How can I help you? Be nice

Customer service representatives can rankle and unnerve

Call me, would you? My number is 555-621-2037. Except, it's not. And if it was, you couldn't call me anyway because my cell phone is not working; it's "defective." That's the word they used — a diagnosis issued at two separate locations in two different states. The term caught me off guard — it felt like an indictment.

How does a phone I depended on and enjoyed for four useful months become abruptly nonfunctioning in the middle of an attempted call — and when I am alone in an unfamiliar city?

When it happened — just for a moment — I was not entirely sure what to do next. Do you realize how hard it is to find a pay phone these days — especially in an unfamiliar location? What if I used a walker or had mobility problems that made even looking for one impossible.

Fortunately, I don't have mobility issues — yet. And like many aging individuals, I try to be resilient in the face of life's little irritations, so I located a bank of phones about a block away and scrunched in front of crumpled fast-food bags listening to a mechanical voice on the not-very-sanitary mouthpiece repeatedly asking me to deposit 95 cents. Now I ask you — why 95 cents? It used to be a quarter — if the cost has to go up, why not two quarters, or even three — what's with the extra dimes? I am rummaging in my purse looking for change "¦ losing patience. Can you tell?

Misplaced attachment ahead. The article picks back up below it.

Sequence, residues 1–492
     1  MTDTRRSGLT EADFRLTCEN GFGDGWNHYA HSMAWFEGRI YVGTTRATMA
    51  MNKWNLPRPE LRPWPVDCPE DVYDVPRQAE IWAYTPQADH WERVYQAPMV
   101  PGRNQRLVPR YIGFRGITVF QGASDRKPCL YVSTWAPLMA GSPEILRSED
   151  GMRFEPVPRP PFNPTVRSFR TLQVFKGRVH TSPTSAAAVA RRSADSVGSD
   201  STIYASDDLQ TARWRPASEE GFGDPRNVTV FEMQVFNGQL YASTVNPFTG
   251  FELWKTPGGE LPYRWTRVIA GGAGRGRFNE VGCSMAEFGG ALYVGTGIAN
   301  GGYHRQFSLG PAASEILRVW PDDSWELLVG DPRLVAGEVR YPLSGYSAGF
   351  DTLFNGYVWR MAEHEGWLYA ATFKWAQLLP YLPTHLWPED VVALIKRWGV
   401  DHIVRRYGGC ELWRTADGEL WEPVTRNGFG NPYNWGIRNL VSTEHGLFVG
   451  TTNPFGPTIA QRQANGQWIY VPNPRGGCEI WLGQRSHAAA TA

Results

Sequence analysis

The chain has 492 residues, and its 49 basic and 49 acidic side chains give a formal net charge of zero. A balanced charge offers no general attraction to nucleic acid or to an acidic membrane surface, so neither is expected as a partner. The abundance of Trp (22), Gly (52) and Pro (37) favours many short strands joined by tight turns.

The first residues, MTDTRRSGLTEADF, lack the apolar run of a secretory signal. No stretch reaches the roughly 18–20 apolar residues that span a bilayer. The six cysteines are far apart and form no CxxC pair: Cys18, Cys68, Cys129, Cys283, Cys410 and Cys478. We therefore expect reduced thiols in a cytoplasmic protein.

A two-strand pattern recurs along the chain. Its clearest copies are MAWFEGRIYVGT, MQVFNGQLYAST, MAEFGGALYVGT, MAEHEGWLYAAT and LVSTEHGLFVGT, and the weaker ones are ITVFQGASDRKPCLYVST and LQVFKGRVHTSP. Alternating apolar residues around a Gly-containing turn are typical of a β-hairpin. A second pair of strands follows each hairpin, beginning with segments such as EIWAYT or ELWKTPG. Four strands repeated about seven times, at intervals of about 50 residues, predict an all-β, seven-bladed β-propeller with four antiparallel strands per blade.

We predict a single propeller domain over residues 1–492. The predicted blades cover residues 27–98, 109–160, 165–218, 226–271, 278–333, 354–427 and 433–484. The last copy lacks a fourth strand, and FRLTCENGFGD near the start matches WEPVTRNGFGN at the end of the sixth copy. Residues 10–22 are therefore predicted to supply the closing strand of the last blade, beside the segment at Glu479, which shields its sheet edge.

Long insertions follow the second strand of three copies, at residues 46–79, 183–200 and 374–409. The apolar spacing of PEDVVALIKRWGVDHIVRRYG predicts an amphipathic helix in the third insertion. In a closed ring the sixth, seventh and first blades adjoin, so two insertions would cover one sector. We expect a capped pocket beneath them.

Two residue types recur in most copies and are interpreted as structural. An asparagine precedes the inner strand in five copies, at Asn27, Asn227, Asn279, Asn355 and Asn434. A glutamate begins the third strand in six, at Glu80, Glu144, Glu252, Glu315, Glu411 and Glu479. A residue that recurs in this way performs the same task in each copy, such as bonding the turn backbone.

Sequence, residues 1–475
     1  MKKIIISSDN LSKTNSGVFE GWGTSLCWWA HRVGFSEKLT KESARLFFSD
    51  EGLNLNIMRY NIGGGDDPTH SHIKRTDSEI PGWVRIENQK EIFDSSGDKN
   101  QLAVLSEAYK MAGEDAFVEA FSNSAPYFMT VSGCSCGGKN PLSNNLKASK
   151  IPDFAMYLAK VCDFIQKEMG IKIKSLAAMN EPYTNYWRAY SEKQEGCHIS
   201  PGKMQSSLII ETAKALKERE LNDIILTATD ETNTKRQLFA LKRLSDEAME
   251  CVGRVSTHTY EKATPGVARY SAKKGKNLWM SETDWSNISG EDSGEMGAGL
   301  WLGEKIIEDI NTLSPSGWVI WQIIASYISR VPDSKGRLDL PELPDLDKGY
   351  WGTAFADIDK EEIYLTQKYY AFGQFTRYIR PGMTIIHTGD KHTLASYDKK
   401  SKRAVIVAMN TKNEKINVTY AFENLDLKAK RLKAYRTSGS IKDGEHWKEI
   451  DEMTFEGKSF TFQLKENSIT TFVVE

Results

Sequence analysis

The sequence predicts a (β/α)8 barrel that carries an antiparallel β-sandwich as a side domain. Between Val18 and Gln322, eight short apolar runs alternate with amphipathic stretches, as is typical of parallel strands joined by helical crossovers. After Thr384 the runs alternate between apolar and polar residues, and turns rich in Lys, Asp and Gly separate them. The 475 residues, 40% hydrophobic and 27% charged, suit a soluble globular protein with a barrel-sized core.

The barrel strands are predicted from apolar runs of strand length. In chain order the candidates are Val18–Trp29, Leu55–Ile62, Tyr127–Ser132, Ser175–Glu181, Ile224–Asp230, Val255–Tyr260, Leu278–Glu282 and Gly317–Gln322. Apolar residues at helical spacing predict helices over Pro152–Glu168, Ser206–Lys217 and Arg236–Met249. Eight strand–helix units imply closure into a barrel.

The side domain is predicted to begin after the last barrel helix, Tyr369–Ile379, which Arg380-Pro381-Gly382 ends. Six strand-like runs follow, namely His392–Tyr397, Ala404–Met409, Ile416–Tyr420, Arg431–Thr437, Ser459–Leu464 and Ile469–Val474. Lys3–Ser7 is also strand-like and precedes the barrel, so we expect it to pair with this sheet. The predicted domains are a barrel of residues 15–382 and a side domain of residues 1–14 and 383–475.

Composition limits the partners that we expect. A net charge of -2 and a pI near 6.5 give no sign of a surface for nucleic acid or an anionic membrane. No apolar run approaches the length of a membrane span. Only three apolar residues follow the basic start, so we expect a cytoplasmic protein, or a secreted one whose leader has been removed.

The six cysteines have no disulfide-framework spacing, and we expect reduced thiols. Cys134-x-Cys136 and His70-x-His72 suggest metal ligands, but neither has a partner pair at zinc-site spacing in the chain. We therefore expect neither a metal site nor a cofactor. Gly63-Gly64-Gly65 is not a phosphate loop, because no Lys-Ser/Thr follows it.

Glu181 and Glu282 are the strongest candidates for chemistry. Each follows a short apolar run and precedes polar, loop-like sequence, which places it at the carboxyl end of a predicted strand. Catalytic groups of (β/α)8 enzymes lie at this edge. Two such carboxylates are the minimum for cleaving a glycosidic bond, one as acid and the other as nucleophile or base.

I got through the initial inconvenience with, I hope, some amount of grace. I've tried to maintain that grace as I attempt to remedy my problem. In the process, I've experienced moments of good customer service but a lot of beyond-the-pale-poor encounters with people paid to help you when your phone stops working. Do employers not understand that the person behind the desk or on the other side of a warranty query is the face of their company?

For example, I spoke with someone named "Kelly" who kept calling me "Dearie" and "Hon" (for 35 minutes and eight seconds). And then I talked to her supervisor, "Paul," for another block of time until he told me their "system was completely down" and "call back later." Kelly was the one who said she was sure I must have dropped my phone in water — and "by the way the warranty does not cover water damage "¦ hon."

This column is not about cell-phone angst, it's about good customer service. Or maybe it's about how important it is to be nice to each other when we encounter problems.

You know it when you see it. It means interacting with someone (a store clerk, a salesperson) who has a smile in their voice, some amount of genuine empathy and a desire to be responsive not just to "a" need, but to "my" need. It is an utter joy when those interactions go smoothly and easily — improves my whole day. Same for you?

Henceforth, when I witness pleasant-spirited, resolution-oriented customer responsiveness, I intend to compliment the person mightily.

By the way, thanks for listening — I feel a lot better now.

Sharon Johnson is an associate professor in health and human sciences at Oregon State University and on the faculty of the OSU Extension. E-mail her at s.johnson@oregonstate.edu or call 776-7371, Ext. 210.


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